Let me tell you how it will be
There's one for you, nineteen for me
One of the first things that I tell lottery winners or those who come into big money is to find a top notch team of advisors. My rule of thumb is to find someone who has handled more money than what you are bringing them.
That is exactly what Mitt Romney did.
As far as I can tell, Romney has not committed any crimes. He has not evaded taxes or used illegal tax shelters.
He used the tax advantages that Congress granted him and many other wealthy people.
Wealthy people can afford to hire big time lobbyists and raise tons of money for political campaigns.
Average Americans can't. Thus, the rich people get their way in Washington.
We have wound up with a mish mash of laws that favor the wealthy.
If someone receives money in a punitive damages lawsuit, the money is fully taxable. If they are a Wall Street hedge fund manager, gains are often taxed in a lower bracket.
The middle class get hit the worst. If a coal miner loses his job and cashes in his retirement or 401k account to feed his family, he pays ordinary income taxes and a ten percent tax penalty to boot.
Jimmy Carter once said, "Life isn't fair," and there is nothing fair about the tax code.
This brings us to the Mitt Romney situation.
Romney has made a ton of money. He has not released all of his tax returns and keeps hoping that people will leave him alone and forget about them. They won't.
Americans want their leaders to come clean and not appear to be hiding something.
The worst thing Romney can do politically is to keep stalling. It allows Obama to be on the offensive instead of forced to defend his record in office.
There will be a day when Romney does get pressured into releasing his taxes.
When he does, we will probably find a lot of loopholes, offshore accounts and plenty of ways that Mitt has reduced his taxable income from some insanely high number to something more manageable.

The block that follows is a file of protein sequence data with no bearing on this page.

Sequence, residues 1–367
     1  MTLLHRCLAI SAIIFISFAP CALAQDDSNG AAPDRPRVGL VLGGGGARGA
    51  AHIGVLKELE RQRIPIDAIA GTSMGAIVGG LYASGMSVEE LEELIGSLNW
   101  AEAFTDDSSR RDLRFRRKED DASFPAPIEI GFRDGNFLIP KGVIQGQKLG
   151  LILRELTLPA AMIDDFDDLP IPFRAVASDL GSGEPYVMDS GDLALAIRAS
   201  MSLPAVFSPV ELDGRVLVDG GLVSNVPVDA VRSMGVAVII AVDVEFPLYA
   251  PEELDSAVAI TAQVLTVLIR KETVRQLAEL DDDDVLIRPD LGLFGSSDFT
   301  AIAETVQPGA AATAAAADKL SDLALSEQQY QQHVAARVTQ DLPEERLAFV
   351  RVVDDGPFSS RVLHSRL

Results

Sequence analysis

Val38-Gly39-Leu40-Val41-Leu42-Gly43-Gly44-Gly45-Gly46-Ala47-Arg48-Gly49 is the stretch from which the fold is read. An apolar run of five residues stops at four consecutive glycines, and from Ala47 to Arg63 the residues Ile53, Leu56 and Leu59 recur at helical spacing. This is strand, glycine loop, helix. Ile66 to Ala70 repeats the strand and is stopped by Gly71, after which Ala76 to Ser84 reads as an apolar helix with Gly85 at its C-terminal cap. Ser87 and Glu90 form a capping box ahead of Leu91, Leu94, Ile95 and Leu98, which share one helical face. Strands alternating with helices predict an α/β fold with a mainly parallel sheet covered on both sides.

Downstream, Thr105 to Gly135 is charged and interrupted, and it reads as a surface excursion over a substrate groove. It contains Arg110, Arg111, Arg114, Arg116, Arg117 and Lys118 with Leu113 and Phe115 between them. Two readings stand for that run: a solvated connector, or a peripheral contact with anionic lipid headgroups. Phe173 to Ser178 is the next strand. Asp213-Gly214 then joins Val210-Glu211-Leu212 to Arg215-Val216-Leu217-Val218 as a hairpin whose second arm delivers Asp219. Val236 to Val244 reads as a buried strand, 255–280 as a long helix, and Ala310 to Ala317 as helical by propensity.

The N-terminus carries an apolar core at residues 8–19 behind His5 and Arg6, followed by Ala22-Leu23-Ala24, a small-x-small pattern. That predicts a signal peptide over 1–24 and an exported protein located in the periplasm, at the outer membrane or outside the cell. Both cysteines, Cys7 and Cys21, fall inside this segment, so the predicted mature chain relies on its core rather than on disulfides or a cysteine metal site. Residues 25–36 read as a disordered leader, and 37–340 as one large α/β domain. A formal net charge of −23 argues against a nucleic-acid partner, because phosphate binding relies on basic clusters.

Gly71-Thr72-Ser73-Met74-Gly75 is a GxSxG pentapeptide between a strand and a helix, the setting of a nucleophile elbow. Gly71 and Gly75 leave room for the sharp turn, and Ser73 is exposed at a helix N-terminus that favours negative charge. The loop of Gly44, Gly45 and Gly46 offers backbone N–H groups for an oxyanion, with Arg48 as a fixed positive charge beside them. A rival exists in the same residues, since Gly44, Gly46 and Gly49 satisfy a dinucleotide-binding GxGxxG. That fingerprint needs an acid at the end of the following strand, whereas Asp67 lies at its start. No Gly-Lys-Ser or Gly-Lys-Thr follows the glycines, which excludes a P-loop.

To the point where he is probably in a lower bracket than Warren Buffett's secretary.
Is that Mitt's fault or Congress's fault?
If I had Mitt's money, I would be looking for every tax advantage that Congress has to offer.
If I were a financial adviser to Mitt Romney, I would be helping him find those tax advantages. Just like any other good adviser would do.
Next month will mark my thirtieth year in the financial business. I've yet to find someone who didn't take a tax break, like deducting the interest on their mortgage, when that tax break was legal and available.
You can't fault Mitt for doing what the rest of us do. He has more money so he found more complicated ways to shelter income.
Congress, not Mitt, allowed those breaks.
I'm a lifelong Democrat who voted for Obama in 2008, but I truly see Mitt's political dilemma.
If he releases his returns, people are going to see deductions, loopholes and tax shelters that average Americans are not in a position to take advantage of.
If he doesn't release the returns, people are going to assume he did something crooked.
One of the advantages that Romney has is that people seem to think he is an honest, family-oriented man.
Goofy, ill at ease, and clueless about how average Americans live their lives, but many people trust Romney.
That trust starts eroding each day the tax returns don't get released.
Romney has a chance to spin the issue his way. Courtesy of Romney's former arch nemesis, Mike Huckabee.
Huckabee ran for President in 2008 on a consumption tax, called the FAIR tax, which also allowed credits for people with lower income. It eliminated almost all deductions and Huckabee claimed it would eliminate the IRS.
Embracing the FAIR plan could make Romney president.
It would help Romney with Tea Party members who don't trust him and give Romney an issue that would force Obama to explain why he has not closed the loopholes.
It allows Romney to take a negative and make it a positive. It also keeps him on the offensive.
Duck and run is not what people want to see in a President.
People know the tax system is out of whack and unfair. It is by the rich, for the rich, to help the rich.
A FAIR tax might level the playing field. Especially if it is advocated by a multi-millionaire with a Swiss bank account.